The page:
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PHK's ascension to VP position should be celebrated

Staff Writer
SELEBI-PHIKWE: The appointment of the MP for Mmadinare, Ponatshego 'PHK' Kedikilwe to succeed the retired Mompati Merafhe as Vice-President brings together two strange-bedfellows at the apex of the country's power structure. For years, PHK and President Ian Khama were political rivals in the ruling Botswana Democratic Party (BDP).

The two belonged to different political groupings in the party who were engaged in a bitter contest for supremacy. The camp loyal to then Vice-President Khama and his boss, Festus Mogae seemed to have lived in fear that Kedikilwe and his group were plotting a major bid for power that will result in an unprecedented challenge to a sitting president. At the same time, the Mogae-Khama alliance was planning how to cut down their rivals to size with indications that Khama was gearing to oust Kedikilwe from his coveted perch of BDP chairman. After being restrained for sometime by 'party elders', Khama finally entered the fray and trounced Kedikilwe. It was a total humiliation as Kedikilwe even failed to make it to the central committee in elections for additional members. From then on, Mogae and Khama ruled the roost in both government and BDP as Kedikilwe and his allies sulk and lick their wounds. So thorough was the mauling sustained by PHK and his allies that they had to beg their rivals to be rehabilitated. Kedikilwe himself seemed to have lost the guts to wage political war. When he was brought back to cabinet, he buried himself in his ministerial duties and never bothered with trying to regain the political initiative even when young guns in the party took the mantle from him and succeeded to put Khama on the back-foot. His resignation to political defeat became even more evident when he announced that he will quit politics in 2014. It is not the desired ending for a man who was at one time the red-hot favourite for the presidency at a time of transition. However, his new appointment indicates a complete turn-around in his relationship with Khama. It means that the two men have made peace and enjoy a high level of trust that was unheard of about a decade ago. 

Despite the setbacks he has suffered, PHK is a respected man across the political divide. He is viewed as a philosopher king in some quarters, while others revere him as an able administrator and a man good learning.

Undoubtedly he is one of the longest serving MPs and diligently served the country in different portfolios. His appointment to the vice presidency may be proof that the President Ian Khama will eventually win the battle against factionalism in the party.

Kedikilwe made

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it clear early this year in Selebi-Phikwe that he has no association with the Botswana Movement for Democracy (BMD). This is contrary to reports that he was one of the spiritual leaders of the politicians who disagreed with Khama and left the BDP to form BMD. The allegations emanated from the fact that Kedikilwe was over a long time known to be a leader of Barata-Phathi faction, a majority of whose members defected to BMD. Some even predicted that Kedikilwe would be tendering a resignation letter to Tsholetsa House to join BMD. The fact that the waiting period was becoming too long and the man himself could not even say a word to counter those allegations left many in suspense.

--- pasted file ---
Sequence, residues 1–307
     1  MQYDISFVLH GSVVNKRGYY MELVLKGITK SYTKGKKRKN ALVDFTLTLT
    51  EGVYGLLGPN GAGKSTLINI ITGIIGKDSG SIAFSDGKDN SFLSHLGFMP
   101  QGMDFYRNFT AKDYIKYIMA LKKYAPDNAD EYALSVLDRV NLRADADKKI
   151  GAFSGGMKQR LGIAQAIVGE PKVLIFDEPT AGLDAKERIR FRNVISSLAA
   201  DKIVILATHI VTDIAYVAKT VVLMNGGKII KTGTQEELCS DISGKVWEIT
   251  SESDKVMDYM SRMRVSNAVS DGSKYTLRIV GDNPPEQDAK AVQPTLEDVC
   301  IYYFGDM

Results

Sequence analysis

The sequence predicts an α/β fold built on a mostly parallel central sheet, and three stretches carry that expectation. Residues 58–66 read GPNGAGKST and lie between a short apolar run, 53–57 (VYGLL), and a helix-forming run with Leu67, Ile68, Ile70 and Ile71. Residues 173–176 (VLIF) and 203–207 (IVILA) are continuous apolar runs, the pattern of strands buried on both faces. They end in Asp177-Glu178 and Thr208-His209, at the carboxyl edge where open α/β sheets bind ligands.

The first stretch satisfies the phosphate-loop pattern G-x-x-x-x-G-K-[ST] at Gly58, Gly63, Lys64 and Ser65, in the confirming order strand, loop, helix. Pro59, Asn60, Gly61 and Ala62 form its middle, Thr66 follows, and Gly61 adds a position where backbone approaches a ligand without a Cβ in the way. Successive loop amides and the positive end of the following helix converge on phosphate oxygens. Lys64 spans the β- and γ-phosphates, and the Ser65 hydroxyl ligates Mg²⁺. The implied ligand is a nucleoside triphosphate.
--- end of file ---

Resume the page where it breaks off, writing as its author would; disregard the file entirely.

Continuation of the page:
However he dropped a bombshell in a forum where everyone least expect it. "I have never been part of the BMD formation and I have never had any intentions to join it. I was accused of having sent some people ahead to form the new party and that I was due to follow later on. I just kept quiet, I did not want to counter those rumours. Please learn to scrutinise such unfounded rumours before believing them," he said at a rally in Selebi-Phikwe.      

Given the hard work and commitment that Kedikilwe has shown to the ruling party and having been an MP since 1984, his political life should be celebrated. His planned retirement from active politics in the coming general elections has paved the way for fresh faces to carry the baton. His successor as Mmadinare MP may have to contend with the increasing opposition influence in the constituency. Currently, the opposition has managed to penetrate the once impregnable BDP stronghold by winning a council seat in the last elections and gaining another through defection.

Mogapi ward is now in the hands of the BMD after councillor Joseph Dintwa defected while Sefhophe ward was snatched by Botswana Congress Party during the last general elections. Without the titanic PHK in the race, the opposition may fancy their chances given his BDP successors may not enjoy his status. One man that may be in focus is Kefentse Mzwinila who is now a nominated councilor at Sowa Town. The political upstart once launched an onslaught against Kedikilwe for the BDP primaries but suffered a technical knock-out after a suspension from the party.

 



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